Men and Body Image

Posted on October 16, 2018

Over the years, body-positive campaigns have been on the rise, it is becoming more commonly discussed around the world. Body-positive movements as such aim to encourage respect for all body types, regardless of shape, size, age, weight, sexual orientation, race, gender or physical capabilities. Negative body image is perceived to be more common among the female population, while society naturally places heavier emphasis on physical appearance standards on women than men. Hence there is often a higher emphasis placed on showing respect and appreciation for the female body image as compared to that of men’s.

However, we should not forget that it is also possible for men to feel insecure about their body image, even though it might only be a handful of them. there are still certain appearance standards in our society today reflected on various media platforms displaying the ‘ideal body image’ of men as muscular and fit, affecting men’s confidence about their bodies. Hence, there should also be efforts made to encourage positive body image in men and more research done on men’s body image.

A research done on men’s perception towards their body image shows that men with a more positive perception about their body image, possess better well-being as compared to men with less positive perception about their bodies. Men with a more positive outlook towards their body image were found to be more physically active, lower tendencies of developing eating disorders and being less likely to compare their appearances with that of other men. Comparing appearances is a major influence on having a negative perception towards one’s body image and the development of eating disorders.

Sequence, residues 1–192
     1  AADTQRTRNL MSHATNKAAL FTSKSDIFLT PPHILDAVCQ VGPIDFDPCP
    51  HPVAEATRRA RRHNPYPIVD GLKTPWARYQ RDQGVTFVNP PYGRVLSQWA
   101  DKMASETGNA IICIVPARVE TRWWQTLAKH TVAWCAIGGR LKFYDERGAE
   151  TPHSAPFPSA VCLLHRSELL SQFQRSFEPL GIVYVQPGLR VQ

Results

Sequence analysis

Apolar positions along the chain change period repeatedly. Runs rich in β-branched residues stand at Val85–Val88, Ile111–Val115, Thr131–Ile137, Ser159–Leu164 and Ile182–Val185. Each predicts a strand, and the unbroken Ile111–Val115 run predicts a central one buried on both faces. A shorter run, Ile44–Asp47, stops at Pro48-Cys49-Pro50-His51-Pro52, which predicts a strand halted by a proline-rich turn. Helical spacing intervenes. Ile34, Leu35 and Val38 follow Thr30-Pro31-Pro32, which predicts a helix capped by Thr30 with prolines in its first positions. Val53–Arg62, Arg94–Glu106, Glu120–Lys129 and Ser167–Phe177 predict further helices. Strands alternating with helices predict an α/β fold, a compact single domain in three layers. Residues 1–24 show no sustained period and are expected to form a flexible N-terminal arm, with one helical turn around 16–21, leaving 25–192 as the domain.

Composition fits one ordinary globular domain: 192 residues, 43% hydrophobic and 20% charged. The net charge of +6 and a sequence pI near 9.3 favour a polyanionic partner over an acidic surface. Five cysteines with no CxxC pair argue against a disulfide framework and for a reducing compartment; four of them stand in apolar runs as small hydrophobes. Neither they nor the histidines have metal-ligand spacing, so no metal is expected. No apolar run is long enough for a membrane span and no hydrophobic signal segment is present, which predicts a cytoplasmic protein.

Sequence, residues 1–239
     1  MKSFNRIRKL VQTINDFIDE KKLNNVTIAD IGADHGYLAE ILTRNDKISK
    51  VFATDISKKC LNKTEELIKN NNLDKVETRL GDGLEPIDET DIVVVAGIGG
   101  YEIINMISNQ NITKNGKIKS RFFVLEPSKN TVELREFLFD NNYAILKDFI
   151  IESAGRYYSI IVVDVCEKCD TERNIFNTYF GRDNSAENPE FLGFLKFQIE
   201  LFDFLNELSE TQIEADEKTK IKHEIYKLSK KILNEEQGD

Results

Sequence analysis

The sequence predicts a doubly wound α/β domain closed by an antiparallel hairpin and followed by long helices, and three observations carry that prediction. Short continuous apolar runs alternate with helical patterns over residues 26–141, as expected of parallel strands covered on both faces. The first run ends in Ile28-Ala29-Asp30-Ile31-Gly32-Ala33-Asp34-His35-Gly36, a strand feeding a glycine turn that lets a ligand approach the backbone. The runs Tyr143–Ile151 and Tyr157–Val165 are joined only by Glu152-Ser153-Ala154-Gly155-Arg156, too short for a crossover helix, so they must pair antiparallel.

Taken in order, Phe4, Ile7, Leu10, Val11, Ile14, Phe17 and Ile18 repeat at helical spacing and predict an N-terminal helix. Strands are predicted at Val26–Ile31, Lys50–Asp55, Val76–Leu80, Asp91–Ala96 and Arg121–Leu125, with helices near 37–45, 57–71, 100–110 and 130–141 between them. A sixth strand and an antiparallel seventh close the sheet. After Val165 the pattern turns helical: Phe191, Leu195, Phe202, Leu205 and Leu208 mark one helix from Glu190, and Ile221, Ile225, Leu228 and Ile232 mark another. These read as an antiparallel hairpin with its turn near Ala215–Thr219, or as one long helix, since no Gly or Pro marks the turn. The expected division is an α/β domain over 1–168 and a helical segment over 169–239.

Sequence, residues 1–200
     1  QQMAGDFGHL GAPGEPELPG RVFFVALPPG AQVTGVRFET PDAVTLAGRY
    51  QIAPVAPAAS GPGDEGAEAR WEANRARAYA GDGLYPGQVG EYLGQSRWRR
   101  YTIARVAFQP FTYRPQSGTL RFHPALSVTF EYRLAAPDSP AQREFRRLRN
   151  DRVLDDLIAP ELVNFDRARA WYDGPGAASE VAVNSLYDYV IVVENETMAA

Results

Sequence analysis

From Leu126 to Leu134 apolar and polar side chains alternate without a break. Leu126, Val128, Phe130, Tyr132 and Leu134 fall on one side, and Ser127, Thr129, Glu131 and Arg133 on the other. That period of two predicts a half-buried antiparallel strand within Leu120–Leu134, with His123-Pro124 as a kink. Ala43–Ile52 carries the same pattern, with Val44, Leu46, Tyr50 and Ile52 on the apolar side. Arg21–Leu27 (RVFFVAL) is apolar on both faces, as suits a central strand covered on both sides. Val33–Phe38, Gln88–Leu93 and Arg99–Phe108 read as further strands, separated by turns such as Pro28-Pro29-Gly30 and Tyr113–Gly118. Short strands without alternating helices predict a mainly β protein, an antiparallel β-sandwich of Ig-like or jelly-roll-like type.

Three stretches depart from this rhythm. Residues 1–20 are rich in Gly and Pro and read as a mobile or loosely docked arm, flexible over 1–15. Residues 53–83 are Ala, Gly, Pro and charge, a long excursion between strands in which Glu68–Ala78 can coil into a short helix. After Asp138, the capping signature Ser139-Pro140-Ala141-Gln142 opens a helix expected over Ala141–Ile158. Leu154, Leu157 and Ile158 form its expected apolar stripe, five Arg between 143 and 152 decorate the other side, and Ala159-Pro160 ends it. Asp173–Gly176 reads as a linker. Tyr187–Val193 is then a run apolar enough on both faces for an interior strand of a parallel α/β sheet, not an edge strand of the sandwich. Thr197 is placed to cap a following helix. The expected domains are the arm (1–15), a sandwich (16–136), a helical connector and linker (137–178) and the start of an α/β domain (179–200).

In terms of sexual orientation, heterosexual men tend to have a more positive outlook on their body image in general as compared to men in the minority sexual orientation. The link between sexual orientation and positive body image was supported by appearance comparisons and how much men conform to society’s standards of the ‘ideal body image’ of a man. Men under the minority sexual orientation tend to compare their appearances and strive to achieve the social construct of the ‘ideal male body image’ more than heterosexual men, hence having a more negative outlook of their body image.

Feeling good about one’s own body is associated with having better well-being. One of the reasons to men under the sexual minority feeling less positively about their body image, is due to them living in a culture where the importance of appearance is more highly emphasized. For example, gay male media more frequently portrays unrealistically muscular and fit-looking men, while male partners often value their partner’s appearances much more highly. These factors lead to men’s tendencies to compare their appearances to other men and feel the need to live up to unrealistic expectations of society’s ‘ideal body image’.

It is essential to explore the differences between sexual minorities rather than generalizing them as a whole since the difference in sexual orientation might mean different behaviors and attitudes to consider with relation to the dynamics of the relationships.

Category(s):Adult psychological development, Health Psychology, Men's Issues, Self-Confidence, Self-Esteem

Source material from Psychology Today

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